You read that right. I started a negotiation being offered $80,000 for a job, and mutually agreed upon $168,000 by the time we were done. In the non-profit sector, to boot.
Let me tell you how.
I used to be horrifically underpaid for the work that I did. Many factors led to this. When I took my first job out of grad school, I didn’t even briefly consider negotiating when the HR Department called and offered me the job. I heard the salary number and thought “oh THANK GOODNESS...I can afford both rent and my student loans with that salary.”
And that was the extent of my consideration. I accepted the job--and the compensation package--on the spot. I would not realize how big of a mistake this was until it was time to start progressing within this organization. There were rules in place for how large a raise could be at any given time (this is extremely common), and so when I would take on projects and have entirely new dimensions added to my work, the raise I got was sub-par. As someone who rose the ranks VERY quickly, the more I progressed, the more underpaid I became.
By the time I was ready to leave this job, I was utterly obsessed with being compensated appropriately. I could see the long-term ramifications of NOT being compensated appropriately. Over the course of my career, it was adding up to well over $1 million in unrealized potential.
I couldn’t stand for that any more.
As I moved through the job interview process, I was intensely focused on creating a smart, rigorous, and achievable salary negotiation strategy. I knew if I was going to be successful in this, I had to play my cards exactly right.
How I Negotiated an $88k Increase in a Salary Offer
Here are the 10 cards I found are most important to play:
Card #1: Market Value:
Market value is an understanding of what the “going salary” is for both the position a professional is currently in, as well as the positions they are targeting, either through internal promotion or a new role. Job sites like salary.com, payscale.com, or (in the non-profit sector) guidestar.org are critical for gathering this information.
In addition, I am a big proponent of tactfully and carefully discussing salary with coworkers to gather valuable information about the salary range for given positions. When I was looking to leave a non-profit management position for another opportunity, I knew through this type of research that I was grossly under-compensated in terms of title and salary for the work I was doing, even in the non-profit sector. I knew what salary relevant comparative colleagues were making, and because I was largely searching within the non-profit sector, I was able to use data in organizations’ Form 990s to find out what they were paying a limited number of employees. This helped me set a target I would be confident in and push for in the negotiation.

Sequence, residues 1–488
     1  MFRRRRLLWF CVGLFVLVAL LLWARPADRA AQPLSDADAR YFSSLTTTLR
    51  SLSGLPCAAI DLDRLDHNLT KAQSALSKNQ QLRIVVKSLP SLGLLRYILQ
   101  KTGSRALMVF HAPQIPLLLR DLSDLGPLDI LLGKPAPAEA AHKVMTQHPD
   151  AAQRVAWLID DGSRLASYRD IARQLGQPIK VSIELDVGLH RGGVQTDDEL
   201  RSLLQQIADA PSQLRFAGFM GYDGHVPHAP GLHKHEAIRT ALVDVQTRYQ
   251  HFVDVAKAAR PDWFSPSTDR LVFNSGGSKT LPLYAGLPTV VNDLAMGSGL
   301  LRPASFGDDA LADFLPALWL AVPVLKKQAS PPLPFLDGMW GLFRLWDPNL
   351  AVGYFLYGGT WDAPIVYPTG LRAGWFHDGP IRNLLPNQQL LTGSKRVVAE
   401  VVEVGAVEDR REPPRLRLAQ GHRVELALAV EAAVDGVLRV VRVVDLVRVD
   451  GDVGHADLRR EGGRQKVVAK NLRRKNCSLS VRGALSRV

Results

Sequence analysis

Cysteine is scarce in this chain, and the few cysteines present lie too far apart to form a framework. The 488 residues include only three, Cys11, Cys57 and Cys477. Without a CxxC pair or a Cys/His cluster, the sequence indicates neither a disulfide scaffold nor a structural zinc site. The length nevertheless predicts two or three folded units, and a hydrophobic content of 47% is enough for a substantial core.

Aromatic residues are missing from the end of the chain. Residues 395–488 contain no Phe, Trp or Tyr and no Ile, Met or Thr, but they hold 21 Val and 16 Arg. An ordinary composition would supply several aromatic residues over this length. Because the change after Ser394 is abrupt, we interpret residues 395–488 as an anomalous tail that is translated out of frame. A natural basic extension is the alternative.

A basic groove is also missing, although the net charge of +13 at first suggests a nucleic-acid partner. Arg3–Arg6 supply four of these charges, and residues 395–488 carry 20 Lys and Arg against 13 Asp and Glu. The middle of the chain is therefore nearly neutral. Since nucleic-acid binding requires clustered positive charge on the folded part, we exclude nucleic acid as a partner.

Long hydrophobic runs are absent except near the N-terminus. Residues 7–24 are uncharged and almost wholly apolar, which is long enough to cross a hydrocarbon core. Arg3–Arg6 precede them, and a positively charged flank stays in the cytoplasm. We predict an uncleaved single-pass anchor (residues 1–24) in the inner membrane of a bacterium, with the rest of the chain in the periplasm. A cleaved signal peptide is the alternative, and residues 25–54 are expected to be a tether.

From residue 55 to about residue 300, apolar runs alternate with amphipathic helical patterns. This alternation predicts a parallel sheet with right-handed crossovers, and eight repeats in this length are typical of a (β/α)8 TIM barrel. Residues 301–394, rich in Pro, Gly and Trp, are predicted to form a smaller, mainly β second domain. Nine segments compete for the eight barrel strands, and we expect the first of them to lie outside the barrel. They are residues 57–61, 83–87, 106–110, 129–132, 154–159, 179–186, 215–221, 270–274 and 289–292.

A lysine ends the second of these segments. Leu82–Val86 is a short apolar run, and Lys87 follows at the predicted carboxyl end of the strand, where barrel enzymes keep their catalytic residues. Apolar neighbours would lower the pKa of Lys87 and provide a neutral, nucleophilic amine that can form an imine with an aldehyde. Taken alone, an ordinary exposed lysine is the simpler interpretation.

When the initial offer of $80k was ‘put on the table’ I could visibly balk with the confidence that their number did not align with my market research on the going rate for this type of role.
Card #2: Track Record of Success:
One way to communicate the value you can bring to a promotion to a new role or an entirely new offer is to leverage your past successes, as often as possible in terms of metrics and storylines that directly resonate with the way those you are trying to convince view success.
In my case, I had spent the last several years doing intense external stakeholder engagement, consensus building, and innovative program delivery around one of the most influential programs in the green building/sustainability space. I had helped my current organization accomplish ambitious goals that there was even internal executive debate about whether the organization should be trying to meet them. The skills and accomplishments I had achieved in this role were directly beneficial to the new organization making me an offer.
There was also a public record of my success, including quotes in industry articles, workshops and other speaking engagements and conferences; I did not shy away from leveraging this, as my purpose in taking those opportunities in the first place was to build a rapport of high competence and influence in the industry.
There’s no point in “being nice” or being worried about “bragging” when the opportunity to leverage your experience presents itself. During my negotiation, I could easily point to the public record I had carefully and intentionally built to prove the value I could bring to them in a similar role. None of the other final job contenders could build nearly the same case.
Card #3: Strengths and Versatility:
While your track record for success is important, it’s not the only important indicator. Your overall strengths as an employee, translated to how you will be effective at delivering on your new role, and your versatility to help them realize benefits and avoid risks they hadn’t considered yet, is of crucial importance.
During my negotiation conversation, I spent some time simply providing consulting about how they (as a start up non-profit) had set up their operating policies, and the glaring risks they had built into their processes. Having been deeply involved in industry consensus based program development for a few years at that point, I knew exactly where all the pitfalls were.
My recommendations to them in that conversation provided them immediate benefit to help them avoid potential obstacles in delivering their programs (not to mention potential lawsuits) that they hadn’t even conceived of.
Card #4: Fit for the Role:
I experienced a bit of luck in that the new position I had applied for and was offered looked like it was written with me specifically in mind. While this opportunity doesn’t always present itself, I was poised to take advantage of it by deeply and intensely knowing my strengths, market value, and unique insight, and then making that case at just the right time.
Intentionally choosing to offer my very specific, very valuable insight to this start up non-profit during my negotiation was the most strategic possible way to communicate the value I could bring them, and demonstrate why their initial offer was totally inappropriate.